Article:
By John Toth
I It doesn’t take much to get me started on nostalgia.
I was playing some 45 RPM records from the 1960s in my office. The record player is new, but the records are originals. My son came in and started asking how it works. Then he pushed down on the stylus.
Ouch! Go ahead, son, scratch my 50-year-old record.
I explained how the needle rides inside the grooves that are cut into the record, picks up the vibrations, which are then amplified. I explained it again to my daughter a short time later.
They seemed fascinated, then went back to their modern, digital world.
I like watching the record as it spins. I grew up with records, tapes, VW buses and other things that were new and common when I was a kid, and now they are old, rare and often too expensive.
I wouldn’t mind getting a reel-to-reel stereo tape deck in mint condition, with albums on tape of my favorite 1960s music. It would be a thrill just to thread the tape through the machine and watch the reels turn as Frank Sinatra’s velvet voice comes through the speakers.
What an atmosphere that would create. I might even make myself a dry martini with an olive.
A friend posted a photo of an 8-track tape layer in her old, convertible car. Now, I am jealous.
Another Facebook friend saw a recent column about my old minivan and sent me a photo of a 47-year-old Chevrolet pickup truck that her family is still using. I am jealous again, because I’d like to get my hands on one of those.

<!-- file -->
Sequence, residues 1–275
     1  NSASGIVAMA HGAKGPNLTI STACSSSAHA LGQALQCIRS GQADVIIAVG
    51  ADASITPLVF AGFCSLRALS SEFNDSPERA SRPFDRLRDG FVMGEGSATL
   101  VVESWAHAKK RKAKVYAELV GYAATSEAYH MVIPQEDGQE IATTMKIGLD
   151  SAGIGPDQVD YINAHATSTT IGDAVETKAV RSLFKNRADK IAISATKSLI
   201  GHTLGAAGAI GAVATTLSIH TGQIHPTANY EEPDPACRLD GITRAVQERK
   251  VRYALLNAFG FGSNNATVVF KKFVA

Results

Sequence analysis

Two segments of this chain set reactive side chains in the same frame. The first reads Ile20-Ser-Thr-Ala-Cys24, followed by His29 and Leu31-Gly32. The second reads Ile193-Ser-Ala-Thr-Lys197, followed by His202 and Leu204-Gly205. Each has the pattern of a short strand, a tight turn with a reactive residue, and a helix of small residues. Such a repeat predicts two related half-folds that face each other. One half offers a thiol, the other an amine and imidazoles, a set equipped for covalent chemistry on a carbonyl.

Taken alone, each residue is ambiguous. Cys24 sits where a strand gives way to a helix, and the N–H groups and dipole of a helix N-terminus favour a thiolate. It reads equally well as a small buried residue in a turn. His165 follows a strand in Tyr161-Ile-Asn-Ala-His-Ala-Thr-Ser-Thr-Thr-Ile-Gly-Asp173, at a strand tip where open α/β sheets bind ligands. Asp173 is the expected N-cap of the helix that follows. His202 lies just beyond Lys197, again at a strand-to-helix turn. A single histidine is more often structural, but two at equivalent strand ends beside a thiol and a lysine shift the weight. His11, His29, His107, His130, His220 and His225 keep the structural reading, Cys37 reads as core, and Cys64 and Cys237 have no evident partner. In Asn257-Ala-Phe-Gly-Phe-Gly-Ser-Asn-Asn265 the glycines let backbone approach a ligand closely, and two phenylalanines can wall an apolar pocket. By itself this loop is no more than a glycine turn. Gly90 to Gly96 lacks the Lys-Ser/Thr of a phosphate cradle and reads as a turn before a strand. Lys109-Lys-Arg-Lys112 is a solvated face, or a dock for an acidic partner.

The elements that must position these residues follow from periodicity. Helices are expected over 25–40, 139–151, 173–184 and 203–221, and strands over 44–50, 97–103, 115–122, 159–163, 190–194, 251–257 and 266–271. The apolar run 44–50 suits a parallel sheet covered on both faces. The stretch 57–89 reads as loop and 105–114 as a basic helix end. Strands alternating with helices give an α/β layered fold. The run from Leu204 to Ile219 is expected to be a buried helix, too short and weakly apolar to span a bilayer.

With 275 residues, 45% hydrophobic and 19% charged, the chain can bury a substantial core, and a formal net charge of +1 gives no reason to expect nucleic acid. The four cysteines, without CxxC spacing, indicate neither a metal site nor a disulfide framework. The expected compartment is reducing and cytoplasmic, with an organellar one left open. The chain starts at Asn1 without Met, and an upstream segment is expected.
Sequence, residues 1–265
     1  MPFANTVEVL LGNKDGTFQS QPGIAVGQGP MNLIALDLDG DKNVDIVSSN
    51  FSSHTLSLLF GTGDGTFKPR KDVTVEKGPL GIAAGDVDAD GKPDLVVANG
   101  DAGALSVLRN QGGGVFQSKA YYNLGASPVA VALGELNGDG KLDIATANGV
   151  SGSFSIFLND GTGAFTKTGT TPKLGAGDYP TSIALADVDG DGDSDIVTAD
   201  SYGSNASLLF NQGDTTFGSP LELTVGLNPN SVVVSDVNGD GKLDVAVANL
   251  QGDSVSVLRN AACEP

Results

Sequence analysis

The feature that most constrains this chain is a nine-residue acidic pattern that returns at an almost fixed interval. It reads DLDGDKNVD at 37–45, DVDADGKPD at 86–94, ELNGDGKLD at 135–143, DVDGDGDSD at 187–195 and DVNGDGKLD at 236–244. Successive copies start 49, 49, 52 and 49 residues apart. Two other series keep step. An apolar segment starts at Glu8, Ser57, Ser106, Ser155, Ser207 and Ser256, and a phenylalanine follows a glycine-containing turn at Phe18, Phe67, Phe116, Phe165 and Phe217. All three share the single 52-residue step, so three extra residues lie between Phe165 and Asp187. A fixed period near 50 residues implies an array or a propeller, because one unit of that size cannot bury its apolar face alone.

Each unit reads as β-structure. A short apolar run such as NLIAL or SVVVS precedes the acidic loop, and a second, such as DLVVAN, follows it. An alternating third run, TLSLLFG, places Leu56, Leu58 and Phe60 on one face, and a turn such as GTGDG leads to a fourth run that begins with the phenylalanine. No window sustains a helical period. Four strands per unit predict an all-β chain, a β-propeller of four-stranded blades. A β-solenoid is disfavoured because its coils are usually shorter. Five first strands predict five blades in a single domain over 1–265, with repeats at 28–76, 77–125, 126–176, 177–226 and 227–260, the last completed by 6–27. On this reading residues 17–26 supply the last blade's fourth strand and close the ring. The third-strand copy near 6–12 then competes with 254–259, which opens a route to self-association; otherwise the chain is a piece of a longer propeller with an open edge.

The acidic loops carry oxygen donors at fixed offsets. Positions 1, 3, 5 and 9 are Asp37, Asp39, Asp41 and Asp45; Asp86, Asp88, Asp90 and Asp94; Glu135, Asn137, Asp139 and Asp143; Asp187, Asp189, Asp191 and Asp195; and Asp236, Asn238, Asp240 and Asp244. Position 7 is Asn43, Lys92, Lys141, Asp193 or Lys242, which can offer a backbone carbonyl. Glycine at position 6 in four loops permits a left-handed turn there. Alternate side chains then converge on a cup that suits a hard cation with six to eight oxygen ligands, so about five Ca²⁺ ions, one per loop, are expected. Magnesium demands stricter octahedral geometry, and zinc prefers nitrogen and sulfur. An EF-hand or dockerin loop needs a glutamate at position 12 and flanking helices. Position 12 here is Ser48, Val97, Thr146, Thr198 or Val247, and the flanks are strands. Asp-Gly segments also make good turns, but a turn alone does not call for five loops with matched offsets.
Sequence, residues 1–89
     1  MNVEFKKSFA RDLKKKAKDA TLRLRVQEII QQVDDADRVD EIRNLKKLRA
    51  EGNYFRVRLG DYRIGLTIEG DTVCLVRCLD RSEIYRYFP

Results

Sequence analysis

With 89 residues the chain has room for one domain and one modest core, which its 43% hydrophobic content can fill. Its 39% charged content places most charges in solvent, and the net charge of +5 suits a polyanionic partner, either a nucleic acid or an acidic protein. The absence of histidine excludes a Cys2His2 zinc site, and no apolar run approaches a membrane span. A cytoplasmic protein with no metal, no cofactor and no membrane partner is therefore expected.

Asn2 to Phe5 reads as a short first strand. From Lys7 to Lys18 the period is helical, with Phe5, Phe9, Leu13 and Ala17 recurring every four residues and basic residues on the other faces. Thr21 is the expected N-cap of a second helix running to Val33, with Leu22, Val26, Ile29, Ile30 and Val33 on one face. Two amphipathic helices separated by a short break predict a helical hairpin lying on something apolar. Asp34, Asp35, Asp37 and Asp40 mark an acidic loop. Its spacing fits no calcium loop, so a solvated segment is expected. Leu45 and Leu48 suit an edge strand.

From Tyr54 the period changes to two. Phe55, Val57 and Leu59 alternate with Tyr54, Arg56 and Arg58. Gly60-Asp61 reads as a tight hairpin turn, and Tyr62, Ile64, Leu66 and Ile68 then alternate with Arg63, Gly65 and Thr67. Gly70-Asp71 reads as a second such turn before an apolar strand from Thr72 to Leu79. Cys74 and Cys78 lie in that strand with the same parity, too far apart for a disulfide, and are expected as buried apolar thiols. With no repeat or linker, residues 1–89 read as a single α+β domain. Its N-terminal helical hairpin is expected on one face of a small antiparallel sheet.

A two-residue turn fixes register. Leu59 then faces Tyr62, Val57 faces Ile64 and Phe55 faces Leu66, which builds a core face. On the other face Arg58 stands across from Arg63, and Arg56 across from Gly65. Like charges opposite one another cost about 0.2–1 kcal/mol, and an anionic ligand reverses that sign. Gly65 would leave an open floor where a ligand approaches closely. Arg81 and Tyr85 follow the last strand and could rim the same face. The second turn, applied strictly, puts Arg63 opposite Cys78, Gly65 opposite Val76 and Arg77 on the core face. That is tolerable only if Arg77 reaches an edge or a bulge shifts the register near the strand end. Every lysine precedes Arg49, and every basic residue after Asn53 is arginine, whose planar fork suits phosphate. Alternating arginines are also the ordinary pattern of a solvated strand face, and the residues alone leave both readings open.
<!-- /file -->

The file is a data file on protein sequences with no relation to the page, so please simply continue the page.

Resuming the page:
What I also wouldn’t mind having is an old VW bus from the 1960s or ‘70s, but after checking the Internet, that’s going to have to wait a little … probably a lot. The prices are just a bit higher than what I had in mind. Maybe even more than a bit. In other words, there is no way I’d pay it.
They are not really buses and are smaller than today’s minivans, but that’s what we called them.
At the end, it doesn’t matter if another VW bus deal ever comes my way. I have plenty of other ways to reminisce. The item is not as important as the personal memories it has generated. VW buses are not even very safe (however, if I got one I would not crash it).
We didn’t know that back in the 1960s. I was driven around in them as a kid during the summer in two different countries. And, I almost crashed one when I was trying out for a job while in high school in New York. I didn’t get the job.
I listened to cassette tapes and records growing up, and I still have a bunch of them. But, compared to today’s sound quality, they are pure awful.
Let’s be realistic. If I really want to listen to quality music, I’ll just plug in my earbuds and play it on my cellphone.